New Hampshire Reminds New Hunters to Take Hunters Ed

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It's prime time to take a hunter education class. If you're looking to purchase your first hunting license in New Hampshire, you must complete a hunter education course before you can hunt. The New Hampshire Fish and Game Department offers hunter and bowhunter education classes around the state, as well as trapper education. To find a class, http://www.wildlife.state.nh.us/Hunting/hunter_ed_schedule.htm or call (603) 271-3214.

"This is the busy season for hunter education. Don't put it off -- if you want to go hunting this fall and need to take a hunter education class, you better sign up soon," said Tom Flynn, Hunter Education Coordinator for Fish and Game.

The basic Hunter Education course averages about 16 hours of classroom instruction and field experiences, often including firing on a shooting range. Courses are taught by trained, certified volunteer instructors according to national guidelines and state standards. They cover safe firearms handling; wildlife ID; game trailing, recovery and care; hunter ethics; outdoor safety and survival skills; hunting laws; and map and compass skills.

Each year, Fish and Game holds about 130 classes for basic hunter, bowhunter and trapper education around the state, taught by more than 550 trained volunteer instructors. About half of the classes for 2007 have already been completed. More than 3,000 people participate in hunter education each year in New Hampshire.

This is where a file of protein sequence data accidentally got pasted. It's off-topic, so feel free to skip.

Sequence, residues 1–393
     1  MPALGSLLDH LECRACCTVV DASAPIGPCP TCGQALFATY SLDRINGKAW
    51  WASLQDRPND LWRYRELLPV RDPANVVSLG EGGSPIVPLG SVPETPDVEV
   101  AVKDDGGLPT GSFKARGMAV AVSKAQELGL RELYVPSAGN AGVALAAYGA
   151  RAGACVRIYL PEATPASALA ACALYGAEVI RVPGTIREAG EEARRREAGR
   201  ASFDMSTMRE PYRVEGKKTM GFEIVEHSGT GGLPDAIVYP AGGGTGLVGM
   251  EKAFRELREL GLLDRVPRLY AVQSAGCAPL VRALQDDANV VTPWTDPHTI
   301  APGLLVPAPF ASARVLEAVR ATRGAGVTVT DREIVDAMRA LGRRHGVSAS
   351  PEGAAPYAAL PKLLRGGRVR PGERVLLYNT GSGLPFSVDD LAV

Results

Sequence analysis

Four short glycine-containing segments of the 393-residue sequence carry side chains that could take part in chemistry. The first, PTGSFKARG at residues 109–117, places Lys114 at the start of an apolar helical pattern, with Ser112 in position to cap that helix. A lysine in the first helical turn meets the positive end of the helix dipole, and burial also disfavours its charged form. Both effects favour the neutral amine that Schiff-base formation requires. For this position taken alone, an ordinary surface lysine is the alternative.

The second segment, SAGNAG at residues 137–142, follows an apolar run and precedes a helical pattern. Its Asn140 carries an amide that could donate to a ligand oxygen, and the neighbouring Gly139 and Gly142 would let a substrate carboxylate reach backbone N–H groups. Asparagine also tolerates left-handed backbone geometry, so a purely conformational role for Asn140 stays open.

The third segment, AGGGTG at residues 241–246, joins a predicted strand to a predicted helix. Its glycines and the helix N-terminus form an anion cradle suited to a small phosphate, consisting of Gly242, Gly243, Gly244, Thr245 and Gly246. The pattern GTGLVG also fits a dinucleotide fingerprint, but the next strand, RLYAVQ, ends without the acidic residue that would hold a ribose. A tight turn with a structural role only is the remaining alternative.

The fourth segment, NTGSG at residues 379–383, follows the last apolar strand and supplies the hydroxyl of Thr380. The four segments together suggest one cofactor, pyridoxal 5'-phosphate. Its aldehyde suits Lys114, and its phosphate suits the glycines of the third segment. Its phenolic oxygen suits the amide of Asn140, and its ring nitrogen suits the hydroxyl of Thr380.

Hunter Education instruction and course materials are provided free of charge; instructors may charge up to $5 per student to cover the use of facilities. To receive a certificate of completion in basic hunter education or bowhunter education, participants must be at least 12 years old by the end of the course.

In addition to traditional classes, Fish and Game offers a home-study option for completing the hunter education requirement. This option takes about the same amount of time as a classroom course, but preparation is done at home, then participants attend a required field day involving a written exam and field skills testing. There are specific deadlines for signing up for the home study option, and space is limited. For a list of home study sessions, http://www.wildlife.state.nh.us/Hunting/hunter_ed_homestudy.htm or call (603) 271-3214.

"Over the years, New Hampshire's Hunter Education Program -- coupled with the voluntary use of blaze-orange clothing -- has dramatically reduced the number of hunting-related firearms incidents in the field," said Flynn.

Hunter Education courses provided by Fish and Game are funded by the Federal Aid in Wildlife Restoration Program.